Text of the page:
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Duty to Report
As a real estate professional, you have a crucial role to play in ensuring that the public interest is protected in real estate transactions. Whenever you believe that consumers are at risk from another real estate professional’s actions, you have a duty to promptly report the conduct to your managing broker, who can bring it to the attention of BCFSA.
When you have concerns about the conduct of another real estate professional or an unlicensed brokerage employee or individual, always discuss the matter with your managing broker, who should ensure it is brought to BCFSA’s attention. Ignoring potential misconduct when you observe it puts the public, and the reputation of the real estate profession, at risk.
This FAQ is designed to assist you in determining the action you should take in situations where you feel another real estate professional’s conduct should be reported.
Real estate professionals have a legislated duty to report potential misconduct.
Section 29(5) of the Real Estate Services Rules (“Rules”) states:
Knowledge of improper conduct – An associate broker or representative must promptly notify the managing broker on learning of conduct that the associate broker or representative considers may be conduct referred to in section 28(2) [managing broker responsibilities] of these rules, whether that conduct is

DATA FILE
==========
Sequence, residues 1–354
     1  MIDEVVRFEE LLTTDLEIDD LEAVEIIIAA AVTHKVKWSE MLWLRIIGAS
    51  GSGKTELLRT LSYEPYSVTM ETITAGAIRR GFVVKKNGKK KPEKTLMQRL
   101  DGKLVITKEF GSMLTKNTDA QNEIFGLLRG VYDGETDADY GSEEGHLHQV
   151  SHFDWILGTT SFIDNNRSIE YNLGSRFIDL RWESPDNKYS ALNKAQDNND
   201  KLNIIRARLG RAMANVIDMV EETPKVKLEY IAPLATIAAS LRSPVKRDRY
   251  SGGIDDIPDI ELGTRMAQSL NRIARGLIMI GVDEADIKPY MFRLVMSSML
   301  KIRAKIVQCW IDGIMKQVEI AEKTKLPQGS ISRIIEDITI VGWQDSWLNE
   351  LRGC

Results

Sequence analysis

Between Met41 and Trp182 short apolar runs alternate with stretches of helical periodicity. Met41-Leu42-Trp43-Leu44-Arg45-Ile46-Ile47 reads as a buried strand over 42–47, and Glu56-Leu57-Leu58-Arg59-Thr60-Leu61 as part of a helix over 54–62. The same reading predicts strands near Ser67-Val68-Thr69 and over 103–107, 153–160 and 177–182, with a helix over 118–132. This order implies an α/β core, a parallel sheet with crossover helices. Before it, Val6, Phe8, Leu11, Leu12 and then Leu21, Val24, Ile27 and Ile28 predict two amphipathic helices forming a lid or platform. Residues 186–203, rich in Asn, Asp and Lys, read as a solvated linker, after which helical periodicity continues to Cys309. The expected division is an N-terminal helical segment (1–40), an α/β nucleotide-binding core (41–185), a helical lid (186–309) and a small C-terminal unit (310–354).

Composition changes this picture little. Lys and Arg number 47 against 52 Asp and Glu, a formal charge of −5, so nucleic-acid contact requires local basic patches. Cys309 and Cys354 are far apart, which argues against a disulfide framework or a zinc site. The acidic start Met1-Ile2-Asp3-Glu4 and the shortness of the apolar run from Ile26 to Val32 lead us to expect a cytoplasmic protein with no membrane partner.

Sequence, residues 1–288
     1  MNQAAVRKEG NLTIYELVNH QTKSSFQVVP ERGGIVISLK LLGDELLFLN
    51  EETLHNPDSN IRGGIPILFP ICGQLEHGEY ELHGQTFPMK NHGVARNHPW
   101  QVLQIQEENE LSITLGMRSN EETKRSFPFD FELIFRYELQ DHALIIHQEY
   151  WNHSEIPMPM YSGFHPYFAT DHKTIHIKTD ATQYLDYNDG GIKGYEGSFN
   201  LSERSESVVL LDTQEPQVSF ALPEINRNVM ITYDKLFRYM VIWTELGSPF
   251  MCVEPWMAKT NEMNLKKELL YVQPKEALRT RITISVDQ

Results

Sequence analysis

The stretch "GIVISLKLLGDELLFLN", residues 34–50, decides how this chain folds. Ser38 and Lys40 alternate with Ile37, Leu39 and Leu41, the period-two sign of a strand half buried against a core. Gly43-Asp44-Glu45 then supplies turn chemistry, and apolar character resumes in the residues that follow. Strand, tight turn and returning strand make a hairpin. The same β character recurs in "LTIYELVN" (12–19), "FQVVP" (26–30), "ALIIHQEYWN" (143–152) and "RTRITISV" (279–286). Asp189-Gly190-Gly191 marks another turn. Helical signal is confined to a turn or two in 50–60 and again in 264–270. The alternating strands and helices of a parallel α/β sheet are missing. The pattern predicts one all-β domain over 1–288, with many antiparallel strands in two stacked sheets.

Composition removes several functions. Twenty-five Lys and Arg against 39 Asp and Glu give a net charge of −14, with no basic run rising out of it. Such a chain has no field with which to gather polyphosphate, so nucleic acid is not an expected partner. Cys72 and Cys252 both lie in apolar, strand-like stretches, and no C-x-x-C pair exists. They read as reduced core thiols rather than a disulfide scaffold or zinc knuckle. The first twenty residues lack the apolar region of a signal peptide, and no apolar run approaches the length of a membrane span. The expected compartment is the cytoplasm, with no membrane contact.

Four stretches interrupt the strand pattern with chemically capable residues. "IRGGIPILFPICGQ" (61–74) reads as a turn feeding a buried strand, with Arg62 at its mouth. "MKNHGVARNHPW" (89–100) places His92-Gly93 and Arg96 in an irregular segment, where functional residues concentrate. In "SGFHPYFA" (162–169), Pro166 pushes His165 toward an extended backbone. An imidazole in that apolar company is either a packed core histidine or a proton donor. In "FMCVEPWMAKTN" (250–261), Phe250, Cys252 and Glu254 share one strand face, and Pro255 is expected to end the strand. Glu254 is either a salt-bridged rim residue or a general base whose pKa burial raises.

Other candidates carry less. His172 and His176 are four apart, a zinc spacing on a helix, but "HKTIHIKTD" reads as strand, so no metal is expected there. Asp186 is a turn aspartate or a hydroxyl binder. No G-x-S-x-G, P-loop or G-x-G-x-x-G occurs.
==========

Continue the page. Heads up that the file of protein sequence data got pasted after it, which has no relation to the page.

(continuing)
(a) the licensee’s own conduct,
(b) the conduct of an employee of the licensee or of another person who performs duties on the licensee’s behalf, or
(c) the conduct of any other person in relation to which the managing broker has responsibility under section 28(2) of these rules.
Managing brokers must act on information about misconduct provided to them by licensees. Section 28(2) of the Rules states:
If the managing broker has knowledge of conduct that the managing broker considers
(a) may constitute professional misconduct, or conduct unbecoming a licensee, on the part of a related licensee, or
(b) may be improper or negligent conduct, in relation to the provision of real estate services, on the part of
(i) a related licensee, or
(ii) an employee of the brokerage or any other person associated with the brokerage,
the managing broker must take reasonable steps to deal with the matter.